Ben and Stephanie are joined by Rose Roach, the Executive Director of the Minnesota Nurses Association (MNA), and answer questions from listeners.
First, we celebrate that Congresswoman Betty McCollum (D, MN-4), Rose's own representative, signed on as a co-sponsor of HR 1976 after a conversation with MNA nurses during Nurses Week (and years of advocacy by healthcare activists in her district).
On to the mailbag questions!
Q: Jordan asked: How does insurance work for the Indian Health Service? A: The Indian Health Service (IHS) is independent but not well funded. Earlier versions of Medicare for All absorbed IHS into the system, which concerned advocates for tribal sovereignty. Under HR 1976, though, IHS will stay independent of the Medicare for All system, but will be treated as a provider, so will receive financing like any other provider.
Q: Laurie asked: Why is it taking so long for Medicare for All? A: For one, our political system and elected officials are influenced by money. The for-profit health insurance industry has deep pockets and is willing to spend big to maintain the status quo. Until we have campaign finance reform, we will have to fight this fight against monied special interests. Another issue is that we haven't quite achieved the working class solidarity that it will take to create the grassroots demand that will force elected officials to pass Medicare for All.
Q: Heather asked: How would Medicare for All affect hospitals? How will they stay up and running, especially rural hospitals?A: Medicare for All would actually be transformative for hospitals, despite the misperception generated by the industry that it would hurt them. Medicare for All would fund hospitals equitably and fairly, based on their value to the community rather than their profitability. In a market-based system, hospitals that don't generate profits, like small rural and safety net hospitals, can go under, regardless of the benefit they provide for the community. Under the Medicare for All system, hospitals will be funded based on the care needed by people in the community. Medicare for All is actually what could save rural healthcare from closures and consolidation.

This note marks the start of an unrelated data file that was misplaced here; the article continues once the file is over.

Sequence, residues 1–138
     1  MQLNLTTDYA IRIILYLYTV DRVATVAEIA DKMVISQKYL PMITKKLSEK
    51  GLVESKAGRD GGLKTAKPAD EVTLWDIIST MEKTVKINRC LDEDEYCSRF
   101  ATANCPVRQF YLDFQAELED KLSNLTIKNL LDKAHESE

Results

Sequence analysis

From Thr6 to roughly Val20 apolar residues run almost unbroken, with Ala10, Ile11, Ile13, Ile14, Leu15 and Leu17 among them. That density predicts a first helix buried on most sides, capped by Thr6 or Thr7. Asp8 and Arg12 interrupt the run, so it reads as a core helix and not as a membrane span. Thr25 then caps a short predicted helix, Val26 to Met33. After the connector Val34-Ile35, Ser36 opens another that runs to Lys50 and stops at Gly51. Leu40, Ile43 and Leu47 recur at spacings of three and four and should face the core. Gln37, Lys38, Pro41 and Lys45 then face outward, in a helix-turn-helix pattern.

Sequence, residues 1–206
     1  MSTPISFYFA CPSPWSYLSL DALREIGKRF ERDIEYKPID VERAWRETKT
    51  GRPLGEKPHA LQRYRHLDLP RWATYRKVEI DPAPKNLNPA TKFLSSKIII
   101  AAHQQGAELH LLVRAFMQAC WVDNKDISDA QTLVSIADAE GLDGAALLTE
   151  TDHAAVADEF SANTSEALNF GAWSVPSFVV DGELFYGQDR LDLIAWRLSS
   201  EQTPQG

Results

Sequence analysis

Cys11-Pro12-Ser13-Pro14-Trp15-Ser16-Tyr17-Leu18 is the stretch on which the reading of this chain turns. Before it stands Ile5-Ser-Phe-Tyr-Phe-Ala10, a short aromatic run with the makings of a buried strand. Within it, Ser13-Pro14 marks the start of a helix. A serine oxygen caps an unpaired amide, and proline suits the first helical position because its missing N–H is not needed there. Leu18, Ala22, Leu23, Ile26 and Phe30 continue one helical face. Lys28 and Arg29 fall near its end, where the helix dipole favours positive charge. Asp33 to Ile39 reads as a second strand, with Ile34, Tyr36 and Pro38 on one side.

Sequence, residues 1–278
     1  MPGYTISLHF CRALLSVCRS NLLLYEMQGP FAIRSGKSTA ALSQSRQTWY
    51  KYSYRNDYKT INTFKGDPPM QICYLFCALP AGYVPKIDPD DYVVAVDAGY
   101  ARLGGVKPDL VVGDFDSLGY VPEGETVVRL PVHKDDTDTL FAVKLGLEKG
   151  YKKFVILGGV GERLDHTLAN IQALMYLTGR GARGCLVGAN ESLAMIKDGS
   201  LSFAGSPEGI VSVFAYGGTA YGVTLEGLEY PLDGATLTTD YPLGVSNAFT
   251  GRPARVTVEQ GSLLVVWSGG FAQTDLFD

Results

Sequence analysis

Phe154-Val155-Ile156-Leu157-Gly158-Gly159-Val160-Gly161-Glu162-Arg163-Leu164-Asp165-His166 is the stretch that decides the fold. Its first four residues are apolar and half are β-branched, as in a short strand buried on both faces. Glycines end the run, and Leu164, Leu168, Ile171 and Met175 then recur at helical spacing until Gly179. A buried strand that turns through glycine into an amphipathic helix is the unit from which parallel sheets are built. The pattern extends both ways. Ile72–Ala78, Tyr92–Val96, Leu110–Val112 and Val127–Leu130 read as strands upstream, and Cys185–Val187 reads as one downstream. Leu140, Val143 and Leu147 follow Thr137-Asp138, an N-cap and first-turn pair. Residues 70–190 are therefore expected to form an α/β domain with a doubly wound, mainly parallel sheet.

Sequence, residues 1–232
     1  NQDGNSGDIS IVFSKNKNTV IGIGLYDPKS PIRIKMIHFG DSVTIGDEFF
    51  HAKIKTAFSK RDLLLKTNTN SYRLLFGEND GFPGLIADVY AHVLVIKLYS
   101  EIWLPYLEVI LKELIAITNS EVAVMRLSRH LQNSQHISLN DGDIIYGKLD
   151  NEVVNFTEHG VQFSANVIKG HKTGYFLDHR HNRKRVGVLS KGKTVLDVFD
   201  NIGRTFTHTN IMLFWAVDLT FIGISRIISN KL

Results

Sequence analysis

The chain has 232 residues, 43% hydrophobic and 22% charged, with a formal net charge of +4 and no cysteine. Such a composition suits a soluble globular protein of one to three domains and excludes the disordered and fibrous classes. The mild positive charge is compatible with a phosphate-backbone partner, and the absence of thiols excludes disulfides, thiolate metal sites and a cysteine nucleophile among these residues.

Q: Steve asked: How do we educate conservative rural communities at risk of losing their hospitals about the benefits of Medicare for All? A: We have to meet people where they are. Ask them how the system works for them now? Do you have to travel far for your routine care? For some it's an ideological difference and we'll never convince them, but there are conservatives who can be engaged about the care they and their community need.